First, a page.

The Scioto Greenways project is itself the first phase of a larger plan to create a new arts and culture anchor for additional mixed-use development on the river’s west bank. Two museums currently stand on this plot, dubbed the Scioto Peninsula, where a broad staircase descends to the riverbank. One, the Columbus Center of Science and Industry, is a popular science museum that draws visitors from across Ohio; the other is a museum honoring the city’s war veterans that had been relocated to the west riverbank in 1954.
That second museum has already been demolished to make way for a new veterans memorial museum with a different focus. The Ohio Veterans Memorial Museum will focus not so much on the military service and exploits of the state’s veterans as it will the personal stories of the veterans themselves and the sacrifices they and their families made in defense of the nation and of American freedom.
Together, these two multiphase redevelopment programs have brought downtown Columbus back from the undead. “Downtown Columbus’ population peaked in the 1950 census, with 30,000 people,” said CDDC Chief Operating Officer Amy Taylor. “By the 2000 census, it was below 3,000. As of now, there are about 7,500 new residents downtown. Our goal is to get to 10,000 residents.
This growth has come at a very modest cost to the public treasury: Of the $152 million raised to date to fund the CDDC’s development projects, $80 million has come from the public sector and $72 million from private funds. With nearly $300 million in additional private development stimulated to date by the projects, that’s a return of more than three-and-a-half times the public outlay.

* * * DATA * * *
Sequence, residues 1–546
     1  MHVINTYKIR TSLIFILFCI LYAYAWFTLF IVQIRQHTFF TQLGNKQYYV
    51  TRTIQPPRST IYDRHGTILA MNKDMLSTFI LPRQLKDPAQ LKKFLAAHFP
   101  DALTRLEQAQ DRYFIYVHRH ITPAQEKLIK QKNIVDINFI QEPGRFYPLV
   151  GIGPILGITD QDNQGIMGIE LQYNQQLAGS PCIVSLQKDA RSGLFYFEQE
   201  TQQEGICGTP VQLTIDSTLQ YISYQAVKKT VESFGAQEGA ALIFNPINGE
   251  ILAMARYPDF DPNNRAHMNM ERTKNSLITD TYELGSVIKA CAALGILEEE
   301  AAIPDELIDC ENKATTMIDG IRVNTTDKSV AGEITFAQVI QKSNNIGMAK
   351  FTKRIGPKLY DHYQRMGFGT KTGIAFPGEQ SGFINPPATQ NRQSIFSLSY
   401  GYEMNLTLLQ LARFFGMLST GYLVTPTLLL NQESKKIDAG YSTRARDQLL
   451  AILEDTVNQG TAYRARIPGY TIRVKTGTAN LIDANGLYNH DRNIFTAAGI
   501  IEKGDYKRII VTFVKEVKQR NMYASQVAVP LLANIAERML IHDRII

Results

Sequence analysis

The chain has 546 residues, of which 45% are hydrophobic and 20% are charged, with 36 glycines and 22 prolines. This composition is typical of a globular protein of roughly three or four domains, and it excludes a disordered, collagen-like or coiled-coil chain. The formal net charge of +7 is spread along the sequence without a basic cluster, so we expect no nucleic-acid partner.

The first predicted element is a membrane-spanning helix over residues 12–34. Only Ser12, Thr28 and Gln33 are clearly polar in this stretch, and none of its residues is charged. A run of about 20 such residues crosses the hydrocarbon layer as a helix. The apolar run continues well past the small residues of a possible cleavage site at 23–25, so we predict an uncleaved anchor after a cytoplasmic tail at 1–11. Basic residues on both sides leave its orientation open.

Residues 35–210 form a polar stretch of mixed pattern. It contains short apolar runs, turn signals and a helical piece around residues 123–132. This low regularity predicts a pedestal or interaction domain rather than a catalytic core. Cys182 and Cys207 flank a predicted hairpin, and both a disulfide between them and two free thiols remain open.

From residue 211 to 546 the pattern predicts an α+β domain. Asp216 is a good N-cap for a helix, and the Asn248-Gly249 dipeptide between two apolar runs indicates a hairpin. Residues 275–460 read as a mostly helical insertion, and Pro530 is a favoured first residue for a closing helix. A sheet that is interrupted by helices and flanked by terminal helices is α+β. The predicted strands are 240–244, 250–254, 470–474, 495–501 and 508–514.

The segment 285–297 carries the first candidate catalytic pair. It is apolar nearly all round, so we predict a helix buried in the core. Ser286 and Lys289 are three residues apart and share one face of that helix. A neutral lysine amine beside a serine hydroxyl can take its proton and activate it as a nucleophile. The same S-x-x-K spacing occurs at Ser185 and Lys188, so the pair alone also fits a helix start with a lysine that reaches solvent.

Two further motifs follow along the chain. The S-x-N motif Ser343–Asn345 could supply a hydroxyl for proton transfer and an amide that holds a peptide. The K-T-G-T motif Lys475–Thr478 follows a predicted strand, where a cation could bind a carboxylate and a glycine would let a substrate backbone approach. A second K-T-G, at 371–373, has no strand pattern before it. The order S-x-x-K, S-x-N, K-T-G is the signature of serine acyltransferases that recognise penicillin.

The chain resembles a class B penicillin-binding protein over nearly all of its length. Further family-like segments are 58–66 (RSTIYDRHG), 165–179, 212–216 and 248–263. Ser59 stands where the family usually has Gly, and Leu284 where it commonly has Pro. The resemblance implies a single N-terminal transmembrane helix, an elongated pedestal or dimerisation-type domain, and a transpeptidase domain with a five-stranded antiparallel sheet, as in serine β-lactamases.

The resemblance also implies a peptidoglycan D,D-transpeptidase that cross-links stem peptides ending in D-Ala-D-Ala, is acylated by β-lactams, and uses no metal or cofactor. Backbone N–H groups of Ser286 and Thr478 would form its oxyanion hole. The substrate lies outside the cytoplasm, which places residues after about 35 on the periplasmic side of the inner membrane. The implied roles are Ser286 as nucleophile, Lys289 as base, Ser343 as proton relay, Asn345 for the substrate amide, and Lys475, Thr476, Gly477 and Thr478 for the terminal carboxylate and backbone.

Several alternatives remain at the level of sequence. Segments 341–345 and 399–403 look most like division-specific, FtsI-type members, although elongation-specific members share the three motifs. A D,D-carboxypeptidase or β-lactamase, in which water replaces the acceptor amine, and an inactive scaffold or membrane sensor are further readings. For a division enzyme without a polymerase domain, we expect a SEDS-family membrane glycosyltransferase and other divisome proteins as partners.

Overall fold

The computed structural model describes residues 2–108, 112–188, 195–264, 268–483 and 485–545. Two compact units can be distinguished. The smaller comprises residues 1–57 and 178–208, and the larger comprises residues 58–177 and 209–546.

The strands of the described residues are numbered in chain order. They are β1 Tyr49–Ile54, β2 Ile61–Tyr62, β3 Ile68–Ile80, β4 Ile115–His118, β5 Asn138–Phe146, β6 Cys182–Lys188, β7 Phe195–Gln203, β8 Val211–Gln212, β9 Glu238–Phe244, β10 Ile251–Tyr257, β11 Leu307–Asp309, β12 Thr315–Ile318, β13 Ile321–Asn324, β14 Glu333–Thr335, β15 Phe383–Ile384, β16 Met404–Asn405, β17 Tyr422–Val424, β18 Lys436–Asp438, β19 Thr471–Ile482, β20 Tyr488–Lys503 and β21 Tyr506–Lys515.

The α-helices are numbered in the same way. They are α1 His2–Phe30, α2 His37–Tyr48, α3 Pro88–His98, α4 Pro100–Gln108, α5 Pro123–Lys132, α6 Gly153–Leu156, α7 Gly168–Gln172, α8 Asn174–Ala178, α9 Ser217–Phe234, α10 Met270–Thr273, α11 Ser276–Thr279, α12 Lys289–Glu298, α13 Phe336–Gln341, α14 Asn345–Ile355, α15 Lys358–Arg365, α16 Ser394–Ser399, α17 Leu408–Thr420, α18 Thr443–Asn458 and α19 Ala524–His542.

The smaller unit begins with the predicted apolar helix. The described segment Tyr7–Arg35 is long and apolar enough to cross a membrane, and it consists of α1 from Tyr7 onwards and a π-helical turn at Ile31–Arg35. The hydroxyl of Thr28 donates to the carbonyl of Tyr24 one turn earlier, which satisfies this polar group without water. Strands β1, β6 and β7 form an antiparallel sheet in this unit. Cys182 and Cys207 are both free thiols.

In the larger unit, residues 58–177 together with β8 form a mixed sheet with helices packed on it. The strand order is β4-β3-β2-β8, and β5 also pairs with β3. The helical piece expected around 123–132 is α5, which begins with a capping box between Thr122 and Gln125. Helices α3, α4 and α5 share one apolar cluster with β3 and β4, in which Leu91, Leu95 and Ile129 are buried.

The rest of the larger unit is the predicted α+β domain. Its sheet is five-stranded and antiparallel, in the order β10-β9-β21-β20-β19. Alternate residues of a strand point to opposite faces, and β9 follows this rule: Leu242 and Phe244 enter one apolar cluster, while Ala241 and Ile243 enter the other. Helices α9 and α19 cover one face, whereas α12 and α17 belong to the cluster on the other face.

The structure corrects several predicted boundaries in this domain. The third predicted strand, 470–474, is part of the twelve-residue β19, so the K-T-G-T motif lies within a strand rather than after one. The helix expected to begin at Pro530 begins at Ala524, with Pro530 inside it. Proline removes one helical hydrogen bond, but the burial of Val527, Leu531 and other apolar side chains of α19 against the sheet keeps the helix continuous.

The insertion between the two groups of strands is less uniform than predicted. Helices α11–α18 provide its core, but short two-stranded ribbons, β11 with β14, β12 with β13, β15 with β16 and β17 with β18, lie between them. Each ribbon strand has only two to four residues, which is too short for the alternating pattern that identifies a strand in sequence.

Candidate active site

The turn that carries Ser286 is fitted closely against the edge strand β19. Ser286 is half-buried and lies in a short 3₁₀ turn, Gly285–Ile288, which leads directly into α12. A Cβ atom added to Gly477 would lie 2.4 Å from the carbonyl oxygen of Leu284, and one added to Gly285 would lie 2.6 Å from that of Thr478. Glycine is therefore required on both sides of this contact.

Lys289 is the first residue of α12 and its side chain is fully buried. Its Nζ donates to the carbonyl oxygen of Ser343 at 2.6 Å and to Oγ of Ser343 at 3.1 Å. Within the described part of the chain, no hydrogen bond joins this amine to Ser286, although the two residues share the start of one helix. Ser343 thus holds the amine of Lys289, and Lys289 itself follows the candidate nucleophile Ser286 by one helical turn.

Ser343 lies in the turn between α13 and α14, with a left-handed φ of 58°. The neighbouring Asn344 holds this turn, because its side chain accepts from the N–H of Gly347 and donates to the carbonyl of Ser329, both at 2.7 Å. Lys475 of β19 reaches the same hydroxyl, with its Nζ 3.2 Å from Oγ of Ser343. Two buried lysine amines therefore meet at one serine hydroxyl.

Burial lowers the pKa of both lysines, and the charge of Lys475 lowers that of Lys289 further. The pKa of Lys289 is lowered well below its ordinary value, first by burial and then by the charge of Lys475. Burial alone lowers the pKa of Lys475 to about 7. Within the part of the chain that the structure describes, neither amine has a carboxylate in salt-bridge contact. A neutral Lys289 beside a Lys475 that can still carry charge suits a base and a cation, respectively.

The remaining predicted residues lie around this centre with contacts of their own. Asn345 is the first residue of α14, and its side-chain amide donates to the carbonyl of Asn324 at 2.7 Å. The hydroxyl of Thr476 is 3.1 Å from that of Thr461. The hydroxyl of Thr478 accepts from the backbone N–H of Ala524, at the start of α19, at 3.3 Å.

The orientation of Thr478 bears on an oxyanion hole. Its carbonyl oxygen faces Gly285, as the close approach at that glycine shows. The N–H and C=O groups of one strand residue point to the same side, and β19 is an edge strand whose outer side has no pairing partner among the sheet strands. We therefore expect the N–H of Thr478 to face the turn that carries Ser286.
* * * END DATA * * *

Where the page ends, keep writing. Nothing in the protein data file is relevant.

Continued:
And Columbusites are flocking to the downtown in droves now. Columbus Commons boasts a full schedule of concerts, public festivals and events, and a second band shell built as part of the Scioto Mile project is kept similarly busy. A new supermarket, a key amenity for keeping new residents, opened last year, and there’s more retail to come.
All this adds a new dimension to downtown’s role as an employment hub. Although it contains only 1 percent of Columbus’ landmass, downtown accounts for 17 percent of all the jobs in the city. “It’s always been the place where people come to work,” Taylor said. “Now it’s the place where people stay after work.”
And in sharp contrast to the situation a decade ago, there are plenty of things for those people to do downtown after work. “We like to say we’re at the crossroads of commerce and culture,” Taylor said. “I want to live where I do my living, and we’re finding that more Columbus residents want to do the same thing.”
The Works is made possible with the support of the Surdna Foundation.
Next City contributor Sandy Smith is the home and real estate editor at Philadelphia magazine. Over the years, his work has appeared in Hidden City Philadelphia, the Philadelphia Inquirer and other local and regional publications. His interest in cities stretches back to his youth in Kansas City, and his career in journalism and media relations extends back that far as well.